Left to right: Louise Audette, 94, and her sister, Ruthlee Root, 84, live together on North Shore Road in Derry, across the street from Beaver Lake.

The daughters of Harriet Chase Newell recall the sleepy farm town chronicled by their mother.

DERRY | It was a different Derry then | a town of 5,000 people in neighborhoods like little communities. Pinkerton Academy had just two buildings and today's traffic circle was an intersection.

In winter, children used to slide down the hill on double runners from Pinkerton Academy to the brook that's south of the circle. And the Hoodkroft Golf Course was the Hood cow pasture | people had to stop their cars on Broadway at times to allow the cows to cross.

That's the Derry Ruthlee Root and Louise Audette remember growing up.

"Everything's grown," said Audette, 94, noting when Interstate 93 came, the population boomed.

The sisters, who have lived in town all but a few years, are deeply rooted in Derry.

Their grandfather was Benjamin Chase Jr., owner of the Benjamin Chase Mill on Chester Road. The mill, which once was the leading supplier of garden staples and tongue depressors, is now condominiums. Their grandfather invented some of the machines the mill used, said Root, 84.

And their mother, Harriet Chase Newell, wrote the books on Derry | literally. She documented the communities within Derry in her five books on the houses of Derry Village, West Derry, the outlying districts, Double Range, East Derry, English Range and Beaver Lake.

She also wrote a book about her childhood and family, and edited her father's journal that included his trip to England as a cabin boy in 1852.

"It's a distinguished family," said Town Historian Richard Holmes.

And Pinkerton Academy, now with more than 3,200 students, was smaller then. Audette's Pinkerton Academy Class of 1931 graduated 35 students.

Root, who attended a finishing school instead, added when her husband taught biology at the academy, he did it in the white building now called the Alumni Center. Today, biology is among the classes taught in the Ek Science Center in one of several buildings added to the campus over the years.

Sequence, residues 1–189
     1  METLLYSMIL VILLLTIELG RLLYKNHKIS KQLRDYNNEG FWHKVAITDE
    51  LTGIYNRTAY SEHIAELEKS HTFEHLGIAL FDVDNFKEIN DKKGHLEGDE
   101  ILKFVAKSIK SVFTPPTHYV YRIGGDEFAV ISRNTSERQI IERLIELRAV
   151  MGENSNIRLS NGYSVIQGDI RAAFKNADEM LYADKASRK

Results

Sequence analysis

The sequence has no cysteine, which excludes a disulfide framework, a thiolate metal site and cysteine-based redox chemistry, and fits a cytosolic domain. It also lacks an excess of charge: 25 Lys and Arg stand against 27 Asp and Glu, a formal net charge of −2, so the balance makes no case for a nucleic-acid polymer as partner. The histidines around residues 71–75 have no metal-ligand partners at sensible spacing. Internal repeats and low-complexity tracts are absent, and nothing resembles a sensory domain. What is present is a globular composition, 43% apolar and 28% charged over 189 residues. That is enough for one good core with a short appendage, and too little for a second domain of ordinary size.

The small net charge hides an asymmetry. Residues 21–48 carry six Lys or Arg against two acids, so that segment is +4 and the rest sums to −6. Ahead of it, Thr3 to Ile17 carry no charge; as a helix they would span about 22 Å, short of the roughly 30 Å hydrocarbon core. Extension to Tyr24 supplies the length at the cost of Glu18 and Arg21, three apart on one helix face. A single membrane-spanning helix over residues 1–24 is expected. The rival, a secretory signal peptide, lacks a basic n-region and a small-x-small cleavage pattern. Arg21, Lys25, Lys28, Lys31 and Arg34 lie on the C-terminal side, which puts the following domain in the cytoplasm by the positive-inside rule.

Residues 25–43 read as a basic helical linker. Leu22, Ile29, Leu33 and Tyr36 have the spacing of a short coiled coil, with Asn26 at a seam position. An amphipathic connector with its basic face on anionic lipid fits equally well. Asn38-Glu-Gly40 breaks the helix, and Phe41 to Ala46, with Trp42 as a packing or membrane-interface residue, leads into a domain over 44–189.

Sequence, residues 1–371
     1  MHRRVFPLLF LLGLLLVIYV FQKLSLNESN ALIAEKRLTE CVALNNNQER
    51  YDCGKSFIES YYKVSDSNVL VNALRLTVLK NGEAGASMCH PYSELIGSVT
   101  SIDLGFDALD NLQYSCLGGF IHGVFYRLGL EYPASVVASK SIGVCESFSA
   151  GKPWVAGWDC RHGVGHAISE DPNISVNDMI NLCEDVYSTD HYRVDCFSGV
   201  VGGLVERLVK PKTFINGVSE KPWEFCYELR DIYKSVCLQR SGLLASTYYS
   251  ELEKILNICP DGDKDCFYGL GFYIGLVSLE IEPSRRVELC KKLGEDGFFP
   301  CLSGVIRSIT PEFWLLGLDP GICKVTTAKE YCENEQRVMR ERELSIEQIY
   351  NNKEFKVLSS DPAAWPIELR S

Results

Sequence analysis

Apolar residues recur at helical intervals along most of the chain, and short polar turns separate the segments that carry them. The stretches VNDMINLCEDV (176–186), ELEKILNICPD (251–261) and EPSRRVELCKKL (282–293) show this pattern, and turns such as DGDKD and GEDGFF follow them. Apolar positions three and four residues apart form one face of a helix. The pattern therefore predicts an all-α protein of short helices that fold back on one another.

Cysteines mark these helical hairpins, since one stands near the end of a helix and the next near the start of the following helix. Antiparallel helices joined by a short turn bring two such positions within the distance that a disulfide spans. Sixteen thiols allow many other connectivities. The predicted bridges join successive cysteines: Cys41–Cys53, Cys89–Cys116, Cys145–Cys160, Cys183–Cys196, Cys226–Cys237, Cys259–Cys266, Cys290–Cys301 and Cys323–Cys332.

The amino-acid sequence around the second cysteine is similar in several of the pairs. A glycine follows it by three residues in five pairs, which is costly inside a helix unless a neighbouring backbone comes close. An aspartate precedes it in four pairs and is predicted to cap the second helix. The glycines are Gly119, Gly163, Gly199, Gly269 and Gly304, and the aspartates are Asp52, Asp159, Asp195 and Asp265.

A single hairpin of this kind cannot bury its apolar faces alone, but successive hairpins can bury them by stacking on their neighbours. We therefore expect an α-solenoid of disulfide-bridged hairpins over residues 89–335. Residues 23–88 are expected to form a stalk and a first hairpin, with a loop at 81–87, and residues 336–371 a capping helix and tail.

Meanwhile, the neighborhoods that once had their own names have, for the most part, gone away.

Root and Audette, along with their five siblings, grew up in Derry Village in the Crescent Street home their grandparents built near the Central Congregational Church. Their mother, who was born in that house, and grandmother were very active in the church, they said. And Audette served as its organist for 46 years.

Derry Village encompassed the area near today's traffic circle.

Root, 84, recalls walking from Crescent Street to Comeau's Beach on the eastern shore of Beaver Lake, and spending the whole day there when she was a teen.

The Derry Village book was the only one their mother had originally intended to write, Root said. "She knew everyone there," Audette added.

Their mother was always interested in history, which likely stemmed from a family interest | Newell's grandfather, Benjamin Chase Sr. of Auburn wrote the history of old Chester, Root said, adding her uncle John Carroll Chase also wrote the history of Chester.

"It kind of ran in her blood," Root said.

Now, Root and Audette, who live at Beaver Lake in the home Audette and her husband built in 1954, take their mother's Beaver Lake book out on the boat to see how things have changed. Audette said her sister has also started taking photos of the homes around the lake.

The lakefront has more houses now, especially year-round homes, than when Audette's son used to take Newell out on the boat for her Beaver Lake book, which was published in 1959.

Holmes said Newell's books are a requirement for people who seriously study Derry's history. He said he uses them daily in his research. Her book "In Retrospect," originally written for her children, is wonderful for finding out what it was like for a young girl growing up in Derry, he said, noting Newell gave his father, a longtime friend, a copy of the book.

"To me she was Aunt Harriet," Holmes said, recalling that at five years old he couldn't say "Mrs. Newell," so she told him to call her Aunt Harriet. "She's one of those pivotal people in my path to becoming a historian."

And Audette remembers people dropping old newspapers, coat hangers, bacon grease and other items by the house, noting her mother was probably the first person to recycle in Derry. She sold the newspapers and coat hangers by the pound, and used the bacon grease to make soap.

Root said her mother made more than 2 tons of lye soap and sent it through Albert Schweitzer's society. Holmes remembers crating hundreds of pounds of Newell's soap annually to send to Schweitzer for his work in Africa.

"She was ambitious," Root said.

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